The rate of renting apartments and villas in New Cairo has increased at a faster rate than those in 6th of October City owing to university students and commuters opting for a more convenient location, according to a report by Jones Lang La Salle (JLL).
In the report, which overviews the Cairo Real Estate Market for the second quarter (Q2) of 2016, JLL said that average sales prices for apartments and villas in New Cairo and 6th of October City remained stable in both US dollars and Egyptian pounds during Q2.
The report attributed the stability in prices to the decreased affordability of units in these areas.
The report said that only the sale price of apartments in New Cairo increased in US dollars, despite the 14.5% currency devaluation on a year-over-year (y-o-y) basis. Meanwhile, sale prices of villas in US dollars declined at a slower rate across 6th of October City when compared to New Cairo.
Several projects across both 6th of October City and New Cairo were completed during Q2. In 6th of October City, the delivery of Ashgar City project was noticed owing to their huge inventory on hand, in addition to the delivery of apartments in Palm Parks, according to JLL Egypt’s head Ayman Sami.
While in New Cairo, Palm Hills’ Village Garden Katameya, Mivida, and Madinaty are the main contributors to this quarter’s supply.
Sami said that Cairo’s supply of office spaces remained stable at 941,000 sqm of gross leasable area (GLA), with no notable completions to new offices in Q2.
Sami added that the market has witnessed increased demand for grade A office space in the past period, mainly driven by the relocation of tenants to better quality office spaces and more convenient locations.
“A limited new supply of grade A office space in the short term has led vacancy rates to decline from 33% to 25% over the past year,” Sami said. “Although a vacancy rate of 25% is still considered high, the decline is regarded as positive for this segment.”
Regarding the rate of renting for office spaces, it remained stable over recent quarters as the market is still adjusting to current business conditions.
The report noted that central and west Cairo are the only markets that recorded a y-o-y increase in renting rates, owing to favourable effects since Q3 of 2015.
“The four months following the 14.5% devaluation of the Egyptian pound and the inability of tenants to source US dollars, means that more property owners are forced to accept their payments in pounds—therefore limiting the possibility of a rental increase in US dollars,” the report read.
Regarding the retail market, the report said that no additional retail space was completed in Q2 of 2016, with current supply standing at 1.3m sqm due to a delay in the completion of 45,000 sqm for Capital Mall.
Capital Mall is located in Heliopolis and was expected to be completed this quarter but has been delayed to Q1 of 2017.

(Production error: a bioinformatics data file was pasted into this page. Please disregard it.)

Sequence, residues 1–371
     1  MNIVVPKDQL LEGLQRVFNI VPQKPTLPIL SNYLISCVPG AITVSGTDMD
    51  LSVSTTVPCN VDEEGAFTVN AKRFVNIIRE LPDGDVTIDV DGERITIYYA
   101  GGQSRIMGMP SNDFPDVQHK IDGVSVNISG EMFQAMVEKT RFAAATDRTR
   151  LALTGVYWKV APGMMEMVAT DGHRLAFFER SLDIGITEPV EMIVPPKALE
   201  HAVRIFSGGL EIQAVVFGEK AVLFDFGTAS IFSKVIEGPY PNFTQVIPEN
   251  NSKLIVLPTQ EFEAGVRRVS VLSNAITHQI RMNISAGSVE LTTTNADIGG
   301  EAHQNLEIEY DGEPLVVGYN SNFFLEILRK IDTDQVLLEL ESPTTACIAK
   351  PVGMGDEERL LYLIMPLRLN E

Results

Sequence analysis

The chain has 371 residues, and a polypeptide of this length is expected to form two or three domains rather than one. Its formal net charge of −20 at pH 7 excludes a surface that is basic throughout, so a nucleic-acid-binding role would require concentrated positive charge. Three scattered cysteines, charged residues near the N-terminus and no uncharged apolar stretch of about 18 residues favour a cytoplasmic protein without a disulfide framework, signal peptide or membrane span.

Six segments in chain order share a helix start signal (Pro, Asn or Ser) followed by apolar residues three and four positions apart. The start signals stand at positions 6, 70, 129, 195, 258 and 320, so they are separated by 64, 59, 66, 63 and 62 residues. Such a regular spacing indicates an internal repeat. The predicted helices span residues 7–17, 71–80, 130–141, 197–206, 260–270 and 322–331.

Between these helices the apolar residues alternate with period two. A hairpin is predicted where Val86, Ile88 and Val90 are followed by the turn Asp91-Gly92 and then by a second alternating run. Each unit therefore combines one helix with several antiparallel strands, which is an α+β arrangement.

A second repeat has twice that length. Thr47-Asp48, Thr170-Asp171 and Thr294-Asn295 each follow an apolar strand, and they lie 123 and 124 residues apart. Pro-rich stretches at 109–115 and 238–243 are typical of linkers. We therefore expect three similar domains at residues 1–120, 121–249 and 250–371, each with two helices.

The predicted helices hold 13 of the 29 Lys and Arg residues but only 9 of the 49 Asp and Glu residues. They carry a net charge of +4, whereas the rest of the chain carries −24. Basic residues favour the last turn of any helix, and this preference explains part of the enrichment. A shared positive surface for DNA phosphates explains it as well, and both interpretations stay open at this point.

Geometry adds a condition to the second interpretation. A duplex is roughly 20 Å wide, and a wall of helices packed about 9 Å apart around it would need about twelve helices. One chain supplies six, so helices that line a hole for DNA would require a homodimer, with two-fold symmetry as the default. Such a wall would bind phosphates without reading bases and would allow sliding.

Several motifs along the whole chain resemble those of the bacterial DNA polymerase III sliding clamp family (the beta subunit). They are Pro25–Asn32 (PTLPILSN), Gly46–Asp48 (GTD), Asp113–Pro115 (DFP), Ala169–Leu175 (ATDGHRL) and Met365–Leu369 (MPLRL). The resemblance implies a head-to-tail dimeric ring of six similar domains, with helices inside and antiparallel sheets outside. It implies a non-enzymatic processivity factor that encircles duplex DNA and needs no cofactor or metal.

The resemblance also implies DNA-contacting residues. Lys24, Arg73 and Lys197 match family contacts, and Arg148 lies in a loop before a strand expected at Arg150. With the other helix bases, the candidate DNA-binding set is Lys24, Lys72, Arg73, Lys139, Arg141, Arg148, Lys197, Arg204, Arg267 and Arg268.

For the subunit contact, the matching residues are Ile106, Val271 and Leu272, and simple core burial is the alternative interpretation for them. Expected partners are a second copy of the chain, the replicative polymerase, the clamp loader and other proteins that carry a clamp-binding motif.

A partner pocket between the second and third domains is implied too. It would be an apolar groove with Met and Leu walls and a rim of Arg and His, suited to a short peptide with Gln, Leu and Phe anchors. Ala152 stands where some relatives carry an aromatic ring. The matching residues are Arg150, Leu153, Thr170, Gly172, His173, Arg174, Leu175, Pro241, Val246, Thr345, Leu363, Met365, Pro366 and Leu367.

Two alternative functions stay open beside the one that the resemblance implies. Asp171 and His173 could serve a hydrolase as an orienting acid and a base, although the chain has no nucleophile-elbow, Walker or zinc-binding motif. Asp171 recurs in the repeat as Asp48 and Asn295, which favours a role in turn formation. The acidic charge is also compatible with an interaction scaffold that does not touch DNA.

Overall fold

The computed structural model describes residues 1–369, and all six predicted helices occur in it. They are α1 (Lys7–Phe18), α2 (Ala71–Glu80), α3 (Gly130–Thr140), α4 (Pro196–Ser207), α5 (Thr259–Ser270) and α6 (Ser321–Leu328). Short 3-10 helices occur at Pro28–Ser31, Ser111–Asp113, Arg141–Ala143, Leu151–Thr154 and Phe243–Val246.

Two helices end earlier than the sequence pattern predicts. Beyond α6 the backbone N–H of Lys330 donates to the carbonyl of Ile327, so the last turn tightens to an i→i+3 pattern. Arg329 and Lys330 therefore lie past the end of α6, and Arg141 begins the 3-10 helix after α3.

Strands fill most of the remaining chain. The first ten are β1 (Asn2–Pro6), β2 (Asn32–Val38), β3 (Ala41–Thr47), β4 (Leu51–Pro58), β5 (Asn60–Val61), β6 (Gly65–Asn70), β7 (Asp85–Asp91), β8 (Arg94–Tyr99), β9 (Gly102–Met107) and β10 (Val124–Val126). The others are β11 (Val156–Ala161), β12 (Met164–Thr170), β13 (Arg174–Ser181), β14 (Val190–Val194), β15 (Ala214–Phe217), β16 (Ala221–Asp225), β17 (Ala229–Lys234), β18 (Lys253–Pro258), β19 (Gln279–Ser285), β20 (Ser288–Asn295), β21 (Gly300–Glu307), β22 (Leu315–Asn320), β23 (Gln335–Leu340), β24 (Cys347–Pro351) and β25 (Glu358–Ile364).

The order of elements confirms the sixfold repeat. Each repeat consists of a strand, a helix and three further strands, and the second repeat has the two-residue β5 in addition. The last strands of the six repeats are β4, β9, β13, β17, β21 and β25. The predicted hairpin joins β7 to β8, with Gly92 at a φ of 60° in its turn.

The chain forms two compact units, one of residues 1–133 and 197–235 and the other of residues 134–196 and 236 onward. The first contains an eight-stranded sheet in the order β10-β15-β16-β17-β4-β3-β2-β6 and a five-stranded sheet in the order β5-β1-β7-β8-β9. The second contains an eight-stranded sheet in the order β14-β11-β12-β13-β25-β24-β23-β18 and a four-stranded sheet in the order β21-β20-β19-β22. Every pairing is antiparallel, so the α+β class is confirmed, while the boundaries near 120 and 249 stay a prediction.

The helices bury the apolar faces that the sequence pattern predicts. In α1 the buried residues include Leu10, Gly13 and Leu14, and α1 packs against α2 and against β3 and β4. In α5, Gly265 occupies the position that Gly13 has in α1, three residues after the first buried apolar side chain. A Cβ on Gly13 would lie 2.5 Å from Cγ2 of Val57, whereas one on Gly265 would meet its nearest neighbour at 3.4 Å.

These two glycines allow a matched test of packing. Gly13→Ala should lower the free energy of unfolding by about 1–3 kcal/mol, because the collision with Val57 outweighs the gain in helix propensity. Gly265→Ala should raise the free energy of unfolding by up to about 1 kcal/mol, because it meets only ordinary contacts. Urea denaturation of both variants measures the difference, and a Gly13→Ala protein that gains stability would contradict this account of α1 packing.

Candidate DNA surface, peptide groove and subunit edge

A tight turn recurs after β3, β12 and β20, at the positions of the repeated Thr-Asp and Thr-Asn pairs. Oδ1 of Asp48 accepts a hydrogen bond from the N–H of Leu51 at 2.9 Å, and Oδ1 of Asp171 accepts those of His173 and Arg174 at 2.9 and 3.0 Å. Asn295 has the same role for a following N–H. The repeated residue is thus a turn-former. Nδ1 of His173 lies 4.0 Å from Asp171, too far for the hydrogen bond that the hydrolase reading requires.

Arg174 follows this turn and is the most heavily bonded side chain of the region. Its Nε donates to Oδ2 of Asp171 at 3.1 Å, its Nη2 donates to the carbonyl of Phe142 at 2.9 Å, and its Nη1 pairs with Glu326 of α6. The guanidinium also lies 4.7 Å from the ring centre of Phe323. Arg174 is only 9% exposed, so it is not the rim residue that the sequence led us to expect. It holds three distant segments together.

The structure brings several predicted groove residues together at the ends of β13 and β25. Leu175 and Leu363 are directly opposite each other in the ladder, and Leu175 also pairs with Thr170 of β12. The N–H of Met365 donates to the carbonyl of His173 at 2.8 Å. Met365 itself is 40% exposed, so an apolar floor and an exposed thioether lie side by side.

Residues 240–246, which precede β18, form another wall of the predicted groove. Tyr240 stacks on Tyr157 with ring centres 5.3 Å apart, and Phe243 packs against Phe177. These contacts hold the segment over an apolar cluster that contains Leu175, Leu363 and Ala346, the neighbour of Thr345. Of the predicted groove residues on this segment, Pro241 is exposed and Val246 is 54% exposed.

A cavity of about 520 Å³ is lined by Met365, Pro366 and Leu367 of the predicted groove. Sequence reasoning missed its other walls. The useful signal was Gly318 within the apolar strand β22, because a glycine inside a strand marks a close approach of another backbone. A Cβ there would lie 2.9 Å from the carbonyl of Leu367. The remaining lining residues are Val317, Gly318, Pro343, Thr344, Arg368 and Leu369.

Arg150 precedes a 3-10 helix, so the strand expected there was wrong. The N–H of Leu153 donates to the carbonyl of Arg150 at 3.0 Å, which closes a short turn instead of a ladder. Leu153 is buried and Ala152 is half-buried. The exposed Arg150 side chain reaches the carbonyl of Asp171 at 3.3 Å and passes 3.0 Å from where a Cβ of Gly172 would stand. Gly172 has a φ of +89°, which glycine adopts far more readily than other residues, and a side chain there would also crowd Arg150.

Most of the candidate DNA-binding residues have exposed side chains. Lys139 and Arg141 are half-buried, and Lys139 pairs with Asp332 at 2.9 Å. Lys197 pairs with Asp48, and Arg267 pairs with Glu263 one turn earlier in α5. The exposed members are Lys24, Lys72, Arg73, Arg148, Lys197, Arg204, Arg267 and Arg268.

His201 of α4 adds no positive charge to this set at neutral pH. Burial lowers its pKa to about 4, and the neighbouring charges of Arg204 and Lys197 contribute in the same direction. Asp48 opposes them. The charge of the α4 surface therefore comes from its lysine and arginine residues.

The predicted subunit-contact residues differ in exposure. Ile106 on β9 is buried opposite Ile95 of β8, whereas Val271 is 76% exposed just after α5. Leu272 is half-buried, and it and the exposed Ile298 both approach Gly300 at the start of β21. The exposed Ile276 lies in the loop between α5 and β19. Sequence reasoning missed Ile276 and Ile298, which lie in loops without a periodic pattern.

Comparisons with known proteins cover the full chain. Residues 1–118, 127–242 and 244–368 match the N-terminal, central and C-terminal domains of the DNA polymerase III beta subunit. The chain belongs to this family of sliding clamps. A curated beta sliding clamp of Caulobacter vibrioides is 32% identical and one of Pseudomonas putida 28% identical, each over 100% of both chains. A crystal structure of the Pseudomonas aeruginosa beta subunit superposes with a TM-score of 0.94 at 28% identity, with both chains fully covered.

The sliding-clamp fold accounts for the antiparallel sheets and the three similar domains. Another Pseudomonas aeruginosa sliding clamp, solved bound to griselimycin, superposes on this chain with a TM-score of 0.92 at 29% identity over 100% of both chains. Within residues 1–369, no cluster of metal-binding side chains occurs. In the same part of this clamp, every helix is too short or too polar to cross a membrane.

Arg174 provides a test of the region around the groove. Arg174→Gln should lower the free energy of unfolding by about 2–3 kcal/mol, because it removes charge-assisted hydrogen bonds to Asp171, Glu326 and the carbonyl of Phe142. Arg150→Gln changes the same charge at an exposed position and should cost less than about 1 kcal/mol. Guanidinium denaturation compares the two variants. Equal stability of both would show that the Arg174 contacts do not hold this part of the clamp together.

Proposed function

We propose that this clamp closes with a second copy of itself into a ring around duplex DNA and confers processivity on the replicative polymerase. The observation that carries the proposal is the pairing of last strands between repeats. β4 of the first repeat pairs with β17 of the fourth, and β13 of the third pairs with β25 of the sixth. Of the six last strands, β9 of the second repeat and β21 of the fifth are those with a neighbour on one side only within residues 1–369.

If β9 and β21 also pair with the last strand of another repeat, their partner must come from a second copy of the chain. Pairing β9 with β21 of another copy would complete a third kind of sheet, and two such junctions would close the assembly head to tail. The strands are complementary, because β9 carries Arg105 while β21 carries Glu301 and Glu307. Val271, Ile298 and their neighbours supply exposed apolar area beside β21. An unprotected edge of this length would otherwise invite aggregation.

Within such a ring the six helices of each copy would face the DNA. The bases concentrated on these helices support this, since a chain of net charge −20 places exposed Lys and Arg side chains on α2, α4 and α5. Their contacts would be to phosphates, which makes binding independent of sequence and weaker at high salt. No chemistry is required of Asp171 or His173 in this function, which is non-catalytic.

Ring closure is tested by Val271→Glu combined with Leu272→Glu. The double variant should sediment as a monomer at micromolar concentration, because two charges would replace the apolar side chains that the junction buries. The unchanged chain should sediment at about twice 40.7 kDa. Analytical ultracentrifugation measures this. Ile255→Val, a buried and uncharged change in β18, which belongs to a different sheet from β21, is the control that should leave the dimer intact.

The report indicated that no retail developments are scheduled for completion in 2016. Further, the long-awaited Mall of Egypt is set to be partially opened at the end of Q3 and development should be fully completed in 2017.
The scarcity of foreign currency is exerting even more pressure on the market, as retailers are forced to source foreign currency from the informal market where exchange rates can be 15% higher than the official rate.
On the other hand, a depreciating currency and high inflation rates adds pressure to the purchasing power of consumers, indicating a shift to more convenience and value brands.
Sami said that vacancy rates in the retail market declined to 14% in Q2 of 2016, compared to 17% in Q2 of 2015, while remaining largely unchanged on a quarterly basis.
In Q2 of 2015, rent for retail lots increased by 13% y-o-y, but have remained stable since.
Sami explained that rents have remained unchanged in Q2 of 2016, and are expected to follow suit in the future until business conditions in Egypt start showing signs of improvement.
The report to overview the Cairo Real Estate Market Q2 2016 sees that currency instability and devaluation are still having an influence across all real estate sectors.
The report mentioned that local investors are now encouraged to transfer their savings from banks to investing in the residential market after the devaluation of the currency in March by the Central Bank of Egypt (CBE).
The CBE in March announced that it had devaluated the Egyptian pound against the US dollar from EGP 7.73 to EGP 8.85, which has had different effects on various real estate sectors.
The hotels sector should benefit from a depreciating currency in the medium to long term as the country is perceived to be cheaper by foreign tourists.
“No additional hotels were completed in Q2, with limited construction activity in this sector. Of the 1,300 rooms planned for completion in 2016, we expect only 50% to be delivered this year with the rest pushed back to 2017,” Sami said. “Occupancy rates stand at 60% as of May, an increase from the same period of 2015 as the sector struggles to recover from the Russian Metrojet incident last year.”